Front Door Thinking in a Back Door World

Matt Mantey from The Internet is Just a Fad has some examples of the weaknesses with Nordstrom’s online retail experience. While Nordstrom’s has an incredibly recognizable and respected offline brand, it doesn’t necessarily translate into comparable online success.

If I was to guess, I think the problem faced by many large retailers trying to succeed online is one of front-door mindset.

They come from a mindset of build a strong brand experience, get people in the door, take care of them, watch the cash register ring.

But online, it’s not about getting people in THE door. It’s about EVERY door. You’re no longer competing at the store level. You’re competing at the product level.

The doors into your store are every single product and category page.

If people can’t find the appropriate door into your store when searching for a specific product, you lose. It doesn’t matter how strong your brand is, how generous your return policies are, or how big you are in the offline world. If you’re not found on specific product searches on Google, you’re losing money.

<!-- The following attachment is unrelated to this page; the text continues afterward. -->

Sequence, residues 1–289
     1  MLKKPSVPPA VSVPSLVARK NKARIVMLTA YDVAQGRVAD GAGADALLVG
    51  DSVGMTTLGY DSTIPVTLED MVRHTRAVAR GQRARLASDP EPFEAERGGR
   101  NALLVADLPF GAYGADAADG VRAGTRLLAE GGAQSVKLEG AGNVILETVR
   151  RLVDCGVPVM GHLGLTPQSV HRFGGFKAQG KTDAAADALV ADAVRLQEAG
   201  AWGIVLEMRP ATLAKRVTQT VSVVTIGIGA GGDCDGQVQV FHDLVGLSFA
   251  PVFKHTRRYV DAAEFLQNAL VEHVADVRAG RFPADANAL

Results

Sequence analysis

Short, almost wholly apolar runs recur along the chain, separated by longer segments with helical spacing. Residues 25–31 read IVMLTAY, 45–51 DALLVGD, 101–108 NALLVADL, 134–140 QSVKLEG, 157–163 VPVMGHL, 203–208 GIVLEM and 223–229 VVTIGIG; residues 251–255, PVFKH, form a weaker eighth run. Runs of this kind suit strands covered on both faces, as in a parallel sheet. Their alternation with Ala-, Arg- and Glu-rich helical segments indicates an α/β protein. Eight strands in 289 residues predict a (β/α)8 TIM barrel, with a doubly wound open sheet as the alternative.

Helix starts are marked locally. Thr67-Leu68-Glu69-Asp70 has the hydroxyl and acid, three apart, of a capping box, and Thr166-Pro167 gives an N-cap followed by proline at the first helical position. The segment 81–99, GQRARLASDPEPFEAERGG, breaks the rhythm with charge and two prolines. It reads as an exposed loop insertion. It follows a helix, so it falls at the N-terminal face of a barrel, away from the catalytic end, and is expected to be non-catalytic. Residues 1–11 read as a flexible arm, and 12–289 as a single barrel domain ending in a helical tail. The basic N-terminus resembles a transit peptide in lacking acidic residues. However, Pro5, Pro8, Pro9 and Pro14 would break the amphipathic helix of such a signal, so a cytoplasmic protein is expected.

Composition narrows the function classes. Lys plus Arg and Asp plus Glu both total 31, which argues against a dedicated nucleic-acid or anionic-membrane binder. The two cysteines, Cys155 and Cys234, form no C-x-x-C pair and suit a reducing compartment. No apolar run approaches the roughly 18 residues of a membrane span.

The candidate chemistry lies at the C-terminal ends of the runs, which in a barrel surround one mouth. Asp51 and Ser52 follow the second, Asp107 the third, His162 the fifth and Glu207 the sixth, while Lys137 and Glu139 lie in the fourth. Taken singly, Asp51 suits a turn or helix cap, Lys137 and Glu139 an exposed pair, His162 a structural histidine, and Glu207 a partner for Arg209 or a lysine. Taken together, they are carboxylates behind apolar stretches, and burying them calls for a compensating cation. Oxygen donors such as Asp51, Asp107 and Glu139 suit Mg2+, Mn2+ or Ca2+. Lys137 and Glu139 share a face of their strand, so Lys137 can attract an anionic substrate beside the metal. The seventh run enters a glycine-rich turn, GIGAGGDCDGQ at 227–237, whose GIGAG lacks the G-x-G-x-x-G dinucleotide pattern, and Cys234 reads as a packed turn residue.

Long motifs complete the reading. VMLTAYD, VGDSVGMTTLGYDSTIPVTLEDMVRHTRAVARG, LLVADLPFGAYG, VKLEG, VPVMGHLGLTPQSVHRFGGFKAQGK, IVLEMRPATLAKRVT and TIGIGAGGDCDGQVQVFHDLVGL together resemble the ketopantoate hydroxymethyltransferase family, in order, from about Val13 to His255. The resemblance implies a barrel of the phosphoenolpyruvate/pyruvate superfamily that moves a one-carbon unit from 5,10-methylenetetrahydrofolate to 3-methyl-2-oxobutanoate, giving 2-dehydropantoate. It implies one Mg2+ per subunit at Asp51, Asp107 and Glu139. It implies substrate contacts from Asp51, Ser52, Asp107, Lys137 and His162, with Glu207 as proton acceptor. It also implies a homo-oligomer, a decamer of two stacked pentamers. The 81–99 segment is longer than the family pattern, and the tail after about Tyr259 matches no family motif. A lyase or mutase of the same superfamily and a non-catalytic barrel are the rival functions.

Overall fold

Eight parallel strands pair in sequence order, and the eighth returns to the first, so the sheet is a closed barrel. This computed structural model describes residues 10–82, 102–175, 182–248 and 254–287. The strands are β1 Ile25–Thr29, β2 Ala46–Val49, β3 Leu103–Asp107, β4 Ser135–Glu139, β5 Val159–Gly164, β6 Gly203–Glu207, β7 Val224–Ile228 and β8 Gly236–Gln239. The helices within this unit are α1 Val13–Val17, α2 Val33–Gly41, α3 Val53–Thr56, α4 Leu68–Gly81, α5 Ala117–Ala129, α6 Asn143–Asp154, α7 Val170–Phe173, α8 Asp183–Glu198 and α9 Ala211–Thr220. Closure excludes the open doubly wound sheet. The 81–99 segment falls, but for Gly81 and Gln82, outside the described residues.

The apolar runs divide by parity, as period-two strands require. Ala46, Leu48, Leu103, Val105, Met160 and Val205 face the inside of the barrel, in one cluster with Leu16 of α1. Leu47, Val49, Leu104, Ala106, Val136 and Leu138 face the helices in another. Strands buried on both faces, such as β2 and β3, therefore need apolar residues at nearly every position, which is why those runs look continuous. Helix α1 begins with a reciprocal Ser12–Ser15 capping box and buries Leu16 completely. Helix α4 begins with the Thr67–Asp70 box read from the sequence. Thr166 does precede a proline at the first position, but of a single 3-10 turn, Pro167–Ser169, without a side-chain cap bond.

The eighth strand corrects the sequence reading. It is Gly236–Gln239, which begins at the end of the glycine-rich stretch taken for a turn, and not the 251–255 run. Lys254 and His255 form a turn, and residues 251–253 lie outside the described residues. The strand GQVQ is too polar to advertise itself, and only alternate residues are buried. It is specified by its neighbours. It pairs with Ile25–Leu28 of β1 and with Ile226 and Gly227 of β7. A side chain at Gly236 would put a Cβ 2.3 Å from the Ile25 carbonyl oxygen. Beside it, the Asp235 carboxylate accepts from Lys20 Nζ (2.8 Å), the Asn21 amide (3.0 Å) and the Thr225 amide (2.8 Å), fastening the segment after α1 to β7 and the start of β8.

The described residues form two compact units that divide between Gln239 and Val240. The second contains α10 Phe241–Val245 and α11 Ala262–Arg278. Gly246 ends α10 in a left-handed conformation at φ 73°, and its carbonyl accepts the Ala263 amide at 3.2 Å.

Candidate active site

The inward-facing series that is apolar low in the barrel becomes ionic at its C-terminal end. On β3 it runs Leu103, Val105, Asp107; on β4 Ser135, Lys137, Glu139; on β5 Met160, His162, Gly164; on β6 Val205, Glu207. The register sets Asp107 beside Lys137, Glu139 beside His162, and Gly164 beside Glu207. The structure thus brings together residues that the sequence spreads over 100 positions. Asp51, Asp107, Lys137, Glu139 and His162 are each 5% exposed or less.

Once you get someone in one of your thousands and thousands of doors, you have the potential to leverage your brand’s power to increase the size of your consumer’s shopping cart. But first, you have to get them there.

Sadly, it seems that many strong offline brands are still focused on the front door of their online presence. They stare at homepage mock-ups in boardrooms and make group consensus decisions on how to make every stakeholder happy instead of focusing on the thousands and thousands of other doors into their online store where the real money is made (or should be).

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